Defending the move, William Hague, the Foreign Secretary, said: "Once you agree that there should be a fixed-term Parliament, it is only fixed-term if there is some provision to really give it credibility to make it hard to dissolve Parliament, other than exceptional circumstances, part way through its five-year term."
Europe, an issue which destabilised the Tory Governments of Margaret Thatcher and John Major, also resurfaced. Several Tory MPs admitted they did not trust the Liberal Democrats, the most pro-European of the three parties, on the issue. They are alarmed that the coalition has watered down the Tory manifesto pledge to repatriate some powers from Brussels and will demand a referendum if any powers are ceded to the EU under the Treaty of Lisbon, which Britain has ratified. The flashpoints with the Lib Dems could be over justice and home affairs, financial regulation and calls by the German Chancellor, Angela Merkel, for greater EU powers to impose budgetary discipline on member states following the crisis in Greece.
Bill Cash, the prominent Eurosceptic Tory MP, said: "The centre of gravity on the Europe issue has shifted to the Tories. The proof of the pudding will be in the eating. The proposals will not come from Downing Street or the Foreign Office, but from the European Commission. The question is how you react to them –do you say yes or no when they can be approved under qualified majority voting [when Britain would not have a veto]. It is very simple. Implementing the Lisbon Treaty is a further transfer of power, and so the answer is no because we [the Tories] voted against it. Full stop."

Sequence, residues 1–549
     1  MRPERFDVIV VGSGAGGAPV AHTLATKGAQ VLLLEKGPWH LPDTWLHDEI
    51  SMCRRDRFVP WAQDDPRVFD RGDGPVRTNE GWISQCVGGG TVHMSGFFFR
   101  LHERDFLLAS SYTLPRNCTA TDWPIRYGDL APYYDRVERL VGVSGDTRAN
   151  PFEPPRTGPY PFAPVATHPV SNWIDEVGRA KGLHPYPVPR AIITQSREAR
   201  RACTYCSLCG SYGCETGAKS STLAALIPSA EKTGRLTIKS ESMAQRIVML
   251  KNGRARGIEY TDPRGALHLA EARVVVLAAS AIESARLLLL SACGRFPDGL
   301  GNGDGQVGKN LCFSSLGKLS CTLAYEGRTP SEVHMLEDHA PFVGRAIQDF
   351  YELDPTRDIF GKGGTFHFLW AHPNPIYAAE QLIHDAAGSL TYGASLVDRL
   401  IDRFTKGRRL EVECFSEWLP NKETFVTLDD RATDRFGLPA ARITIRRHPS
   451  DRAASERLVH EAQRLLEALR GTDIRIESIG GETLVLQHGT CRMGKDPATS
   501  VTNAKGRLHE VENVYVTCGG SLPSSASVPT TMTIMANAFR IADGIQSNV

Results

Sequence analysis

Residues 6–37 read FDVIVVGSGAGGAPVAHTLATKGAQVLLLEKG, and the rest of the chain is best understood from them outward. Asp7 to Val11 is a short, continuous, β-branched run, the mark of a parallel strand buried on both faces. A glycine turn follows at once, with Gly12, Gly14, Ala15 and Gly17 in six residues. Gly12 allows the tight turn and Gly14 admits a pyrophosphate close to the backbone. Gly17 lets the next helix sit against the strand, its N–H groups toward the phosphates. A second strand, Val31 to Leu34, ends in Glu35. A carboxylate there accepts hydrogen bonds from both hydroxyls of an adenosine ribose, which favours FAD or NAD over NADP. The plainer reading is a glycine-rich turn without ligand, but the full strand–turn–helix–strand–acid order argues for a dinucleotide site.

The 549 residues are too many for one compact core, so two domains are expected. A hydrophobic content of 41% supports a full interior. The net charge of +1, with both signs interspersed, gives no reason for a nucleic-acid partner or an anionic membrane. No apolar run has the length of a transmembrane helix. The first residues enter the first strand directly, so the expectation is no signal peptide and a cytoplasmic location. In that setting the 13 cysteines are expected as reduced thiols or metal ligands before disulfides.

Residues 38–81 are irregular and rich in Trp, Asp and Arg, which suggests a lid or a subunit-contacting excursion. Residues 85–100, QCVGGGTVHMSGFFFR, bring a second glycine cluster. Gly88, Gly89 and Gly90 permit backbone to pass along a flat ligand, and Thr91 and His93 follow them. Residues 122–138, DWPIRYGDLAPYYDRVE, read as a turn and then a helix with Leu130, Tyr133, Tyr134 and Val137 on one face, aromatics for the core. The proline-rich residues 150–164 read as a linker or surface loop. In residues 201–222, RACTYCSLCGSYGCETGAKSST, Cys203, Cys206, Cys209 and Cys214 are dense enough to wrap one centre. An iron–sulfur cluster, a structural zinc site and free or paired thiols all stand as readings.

On the other side of the fence, some Liberal Democrat MPs expressed concern that Chris Huhne, the Energy and Climate Change Secretary, appeared to accept that there would be a new generation of nuclear power stations.
Trouble ahead: The awkward squad
Graham Brady Front-runner to become chairman of the 1922 Committee. Offering to be keeper of party conscience and keep a watchful eye on coalition government.
David Davis Former shadow Home Secretary. Has welcomed coalition but could become powerful focus of backbench dissent.
Bill Cash Will be watching the new government to ensure it does not cede any new powers to Brussels.
Edward Leigh Former minister and keeper of the Thatcherite flame as head of the right-wing Cornerstone Group – dubbed the Tombstone Group.
Lord Tebbit Former Tory chairman under Margaret Thatcher now reinvented as a blogger and has already attacked coalition.
Tim Montgomerie Founder of influential ConservativeHome website; has finger on the pulse of Tory activists.
Trouble ahead: The issues
Electoral reform Some Tory MPs may vote against Bill for referendum on alternative vote.
Elected House of Lords Some Tory MPs and peers are alarmed it has become a priority.
Capital gains tax Some Tories fear plans to increase it on second homes will hit supporters.
Europe Tory Eurosceptics distrust Liberal Democrats' pro-EU instincts.
Grammar schools Grammar supporters may try to amend Bill for independent state schools.
Climate change Many Tory MPs sceptical; some worried about partners' green tendencies.
The 55 per cent rule Critics dislike raising threshold for a Commons vote to dissolve Parliament.